Seattle vs. Silicon Valley sillyness

Seattle from near Amazon's headquarters

Ahh, there’s a big debate about which is better, Seattle or Silicon Valley.

There are things to like about both (I’ve lived in both places).

But for me there’s no option: I couldn’t do what I do anywhere else in the world than here (the range and diversity of tech companies is a lot greater here than in Seattle).

Luckily Seattle is only a couple of hours away from here so I can get the best of both worlds.

One thing you shouldn’t miss is the amount of building that Microsoft is doing. Microsoft’s campus is absolutely huge now and getting much bigger. Nothing like it in Silicon Valley. Oh, and the Boeing factory tour is a not to be missed thing. It’s amazing how they build airplanes there.

Are you breathing while emailing or Twittering?

Linda Stone, continuous partial attention researcher

Linda Stone is a former executive who worked at Apple and Microsoft. Has been doing all sorts of research over the years and is probably most famous for coming up with the term “continuous partial attention.” Which, basically, explains our behavior while using Twitter.

Lately she’s been writing about a new problem she noticed: email apnea.

Today we met up where she told me more about her observations on this topic (that’s her in the picture above).

What is it?

Well, she noticed that most people stop breathing when doing email. She explained to me today that that behavior is fascinating her and that she’s theorizing that it causes stress, among other things.

I’m noticing that I stop breathing when blogging. How about you?

She suggested a few things to try.

1. Change your posture. She said that people who compute while standing up breathe more often.
2. Get exercise. She said that those who exercise seem to breathe better in stressful situations.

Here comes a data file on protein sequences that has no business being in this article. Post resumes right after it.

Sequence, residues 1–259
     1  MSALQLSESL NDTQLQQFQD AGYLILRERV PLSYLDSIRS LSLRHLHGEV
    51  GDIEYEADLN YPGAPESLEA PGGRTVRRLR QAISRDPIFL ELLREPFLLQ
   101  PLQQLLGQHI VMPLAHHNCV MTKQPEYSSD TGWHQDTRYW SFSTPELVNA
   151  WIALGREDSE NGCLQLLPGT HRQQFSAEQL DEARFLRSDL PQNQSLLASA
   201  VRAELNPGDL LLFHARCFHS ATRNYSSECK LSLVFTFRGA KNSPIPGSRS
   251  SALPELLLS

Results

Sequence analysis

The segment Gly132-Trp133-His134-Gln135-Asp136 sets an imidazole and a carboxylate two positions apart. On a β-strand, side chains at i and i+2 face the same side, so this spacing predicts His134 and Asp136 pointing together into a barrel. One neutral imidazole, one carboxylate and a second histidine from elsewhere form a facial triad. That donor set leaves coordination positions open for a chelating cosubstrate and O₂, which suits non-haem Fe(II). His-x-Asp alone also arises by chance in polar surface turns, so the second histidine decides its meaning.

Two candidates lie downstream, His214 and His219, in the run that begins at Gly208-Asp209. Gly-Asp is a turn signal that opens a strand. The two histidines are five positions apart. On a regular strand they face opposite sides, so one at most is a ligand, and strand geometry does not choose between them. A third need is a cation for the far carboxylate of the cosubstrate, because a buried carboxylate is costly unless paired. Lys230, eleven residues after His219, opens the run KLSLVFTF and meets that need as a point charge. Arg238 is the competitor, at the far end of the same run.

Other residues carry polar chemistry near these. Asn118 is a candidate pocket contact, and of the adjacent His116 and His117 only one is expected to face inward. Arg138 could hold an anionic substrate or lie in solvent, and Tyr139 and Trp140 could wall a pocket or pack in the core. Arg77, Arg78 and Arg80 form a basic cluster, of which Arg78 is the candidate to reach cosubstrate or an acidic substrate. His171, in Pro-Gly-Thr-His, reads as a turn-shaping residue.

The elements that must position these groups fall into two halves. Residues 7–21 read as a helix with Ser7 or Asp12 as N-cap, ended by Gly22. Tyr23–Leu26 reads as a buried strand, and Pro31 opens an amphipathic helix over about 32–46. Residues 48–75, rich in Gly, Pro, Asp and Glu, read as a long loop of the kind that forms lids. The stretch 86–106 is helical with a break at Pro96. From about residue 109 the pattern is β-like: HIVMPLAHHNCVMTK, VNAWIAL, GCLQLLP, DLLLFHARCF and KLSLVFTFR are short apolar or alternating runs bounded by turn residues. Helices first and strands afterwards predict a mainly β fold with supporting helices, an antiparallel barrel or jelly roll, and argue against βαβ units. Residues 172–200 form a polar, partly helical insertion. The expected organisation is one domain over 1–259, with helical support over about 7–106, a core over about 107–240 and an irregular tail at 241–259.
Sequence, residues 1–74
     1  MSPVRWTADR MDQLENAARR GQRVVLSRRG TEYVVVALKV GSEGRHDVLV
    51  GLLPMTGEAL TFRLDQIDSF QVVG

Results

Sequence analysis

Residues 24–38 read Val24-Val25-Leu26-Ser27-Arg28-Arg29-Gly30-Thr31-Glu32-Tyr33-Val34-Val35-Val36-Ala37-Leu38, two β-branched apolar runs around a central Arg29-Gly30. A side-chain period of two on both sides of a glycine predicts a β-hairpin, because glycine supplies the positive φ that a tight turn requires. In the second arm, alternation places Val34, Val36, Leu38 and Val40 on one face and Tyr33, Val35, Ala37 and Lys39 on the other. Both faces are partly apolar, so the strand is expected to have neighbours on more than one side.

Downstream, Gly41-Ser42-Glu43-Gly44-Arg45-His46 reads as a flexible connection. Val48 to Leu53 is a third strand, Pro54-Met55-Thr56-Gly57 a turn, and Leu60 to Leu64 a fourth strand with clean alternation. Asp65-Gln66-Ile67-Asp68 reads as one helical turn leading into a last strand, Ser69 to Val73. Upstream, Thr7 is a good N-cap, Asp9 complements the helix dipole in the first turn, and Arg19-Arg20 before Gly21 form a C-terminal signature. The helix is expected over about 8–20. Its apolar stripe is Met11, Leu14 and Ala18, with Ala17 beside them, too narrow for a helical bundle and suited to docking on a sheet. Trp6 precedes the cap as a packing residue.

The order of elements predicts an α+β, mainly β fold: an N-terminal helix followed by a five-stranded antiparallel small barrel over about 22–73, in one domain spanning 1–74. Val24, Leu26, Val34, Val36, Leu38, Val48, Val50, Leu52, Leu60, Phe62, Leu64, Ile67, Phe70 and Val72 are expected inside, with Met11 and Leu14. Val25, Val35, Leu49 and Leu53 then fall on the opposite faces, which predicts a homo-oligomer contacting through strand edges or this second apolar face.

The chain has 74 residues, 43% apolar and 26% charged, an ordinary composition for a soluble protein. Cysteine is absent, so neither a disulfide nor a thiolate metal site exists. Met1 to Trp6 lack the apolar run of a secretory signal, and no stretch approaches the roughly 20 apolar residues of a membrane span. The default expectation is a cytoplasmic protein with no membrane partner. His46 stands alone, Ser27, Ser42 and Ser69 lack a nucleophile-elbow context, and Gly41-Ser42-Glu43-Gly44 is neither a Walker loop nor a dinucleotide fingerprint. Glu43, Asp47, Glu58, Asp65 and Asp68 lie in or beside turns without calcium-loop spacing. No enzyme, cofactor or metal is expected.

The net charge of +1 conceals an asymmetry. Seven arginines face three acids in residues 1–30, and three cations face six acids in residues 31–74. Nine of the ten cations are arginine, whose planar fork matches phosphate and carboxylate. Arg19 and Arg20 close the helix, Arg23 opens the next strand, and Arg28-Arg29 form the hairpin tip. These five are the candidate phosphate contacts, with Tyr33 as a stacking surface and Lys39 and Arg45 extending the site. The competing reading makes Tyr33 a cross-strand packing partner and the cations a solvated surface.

3. Be aware and check in with yourself to see if you’re breathing normally. She said there are some devices coming soon where you can play a game with yourself to keep your breathing up to a normal rate.

She is now writing for the Huffington Post and in her post about email apnea rambled out a bunch of bad things that can happen to you due to not breathing well.

This is one reason why I made it my life goal to have an interesting conversation every day with someone smart. If I hadn’t made time for Linda I probably would never have thought about this or known about it.

So, are you breathing deeply right now?

Microsoft's cool new research building, a photostory

Microsoft Research

Yesterday Kevin Schofield, blog here, general manager of Microsoft Research, invited Rocky and me over to tour Microsof’s cool new research building which opened three months ago. Building 99. We’ll have a video of this tour up on March 3, as part of the opening of

Kevin Schofield at Microsoft Research

I uploaded a ton of photos, here’s a few of the key notes and photos I made (which are, as always, in the Public Domain so you can do whatever you want with them without giving me credit or money):

Wide open spaces